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Coffee consumption linked with reduced inflammation



a Mediterranean Quinoa Salad, with fresh vegetables, fruits, low-fat cheese, and olive oil

Coffee is a perennial subject here at Dr. Gourmet, with evidence for its positive effects on all-cause mortality, metabolic syndrome, and even colon cancer, among other conditions.

It's one thing to know that a substance has a particular effect on health, but quite another to know why it has that effect. The prevailing theory has been that coffee's abundant antioxidants help reduce chronic inflammation, and in this research from 2006 the authors found an assocation between the coffee intake of the women in the Nurses' Health Study and their markers of inflammation.

The Nurses' Health Study is an ongoing study, which means that now - 13 years later - a team of researchers is using data from both the Nurses' Health Study (all women) as well as the Health Professionals Follow-Up Study (all men) to perform a similar assessment (Am J Clin Nutr 2019;635-647). An additional thirteen years of data, along with advances in medical technology, makes it worthwhile to revisit that data. Had those associations changed? - and would adding the men in the Health Professionals Follow-Up Study make a difference?

The Nurses' Health Study started in 1976 and initially enrolled over 121,000 female registered nurses. In 1989 and 1990 over 32,000 of those women provided blood samples for various tests. The Health Professionals Follow-Up Study began in 1986 and included over 51,000 male health professionals, of whom over 18,000 provided blood samples between 1993 and 1995. Participants from both groups respond to detailed dietary questionnaires every four years.

Over the years other researchers have analyzed the blood samples of a portion of the participants of both studies - over 17,000 women and 8,000 men - for a number of results, including many markers of chronic inflammation. The authors of today's study utilized the data from both groups, but excluded those participants who had diabetes (of any type), cancer, or heart disease at the time the blood sample was taken, which means their analysis is based on over 15,500 women and over 7,300 men.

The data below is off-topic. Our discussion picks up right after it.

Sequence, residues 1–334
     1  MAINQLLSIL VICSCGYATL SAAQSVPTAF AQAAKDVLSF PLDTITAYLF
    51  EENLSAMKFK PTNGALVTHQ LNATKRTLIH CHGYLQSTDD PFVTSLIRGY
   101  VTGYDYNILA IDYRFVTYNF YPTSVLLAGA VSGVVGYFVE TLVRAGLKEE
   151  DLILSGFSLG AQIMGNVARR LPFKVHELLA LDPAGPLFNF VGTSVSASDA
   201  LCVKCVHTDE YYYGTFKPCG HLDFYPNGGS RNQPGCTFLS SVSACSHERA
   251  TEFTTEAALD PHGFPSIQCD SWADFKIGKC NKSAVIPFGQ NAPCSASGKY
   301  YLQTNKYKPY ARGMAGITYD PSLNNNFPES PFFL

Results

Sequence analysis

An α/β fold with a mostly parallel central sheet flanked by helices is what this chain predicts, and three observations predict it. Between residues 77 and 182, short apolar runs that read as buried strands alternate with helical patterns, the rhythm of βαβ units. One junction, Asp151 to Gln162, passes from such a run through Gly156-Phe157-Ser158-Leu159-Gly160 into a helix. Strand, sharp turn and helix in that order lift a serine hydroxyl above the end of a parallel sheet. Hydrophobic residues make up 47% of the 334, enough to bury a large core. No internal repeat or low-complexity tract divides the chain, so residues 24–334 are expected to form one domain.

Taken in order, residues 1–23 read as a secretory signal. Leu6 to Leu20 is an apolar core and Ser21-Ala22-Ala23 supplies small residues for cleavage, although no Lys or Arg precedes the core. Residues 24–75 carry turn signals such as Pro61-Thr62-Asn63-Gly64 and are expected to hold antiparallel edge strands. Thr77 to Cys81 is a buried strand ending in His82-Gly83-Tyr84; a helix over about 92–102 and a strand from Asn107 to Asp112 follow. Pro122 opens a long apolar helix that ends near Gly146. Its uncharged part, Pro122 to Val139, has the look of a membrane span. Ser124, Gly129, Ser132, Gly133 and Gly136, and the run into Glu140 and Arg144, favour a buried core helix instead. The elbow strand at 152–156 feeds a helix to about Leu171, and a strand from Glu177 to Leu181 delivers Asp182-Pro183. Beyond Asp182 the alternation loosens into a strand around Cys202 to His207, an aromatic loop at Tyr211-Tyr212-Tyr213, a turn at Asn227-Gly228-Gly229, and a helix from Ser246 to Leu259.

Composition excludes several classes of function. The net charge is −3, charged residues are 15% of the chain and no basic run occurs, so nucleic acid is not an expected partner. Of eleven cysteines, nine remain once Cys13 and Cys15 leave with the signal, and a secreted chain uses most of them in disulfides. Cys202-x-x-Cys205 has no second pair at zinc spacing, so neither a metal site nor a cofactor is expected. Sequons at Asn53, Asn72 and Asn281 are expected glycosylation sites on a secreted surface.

The researchers looked at 14 different biomarkers associated with inflammation and compared those with the amount of coffee the participants drank. The authors broke out coffee intake into total, caffeinated, and decaffeinated coffee, and into four levels of intake, from none to 4 or more standardized cups per day.

Somewhat unsurprisingly, whether coffee was caffeinated or decaffeinated had little effect on the markers of inflammation. After taking into account a number of different factors, from Body Mass Index to alcohol use, as well as other variables that might affect biomarkers of inflammation, the researchers found that higher levels of coffee consumption was linked to lower concentrations of certain inflammatory biomarkers that are associated with a greater risk of breast, colorectal, and prostate cancers.

On the other hand, higher coffee consumption was also associated with higher levels of total testosterone, which appears to help reduce the risk of breast cancers metastisizing and lower levels of estradial, which is associated with reduced risk of endometrial cancer.

What this means for you

This study helps illuminate just why coffee should be considered good for you and suggests more avenues for research. As I've said in the past, ditch the sodas for water, coffee (caffeinated or decaffeinated), or tea.

First posted: March 20, 2019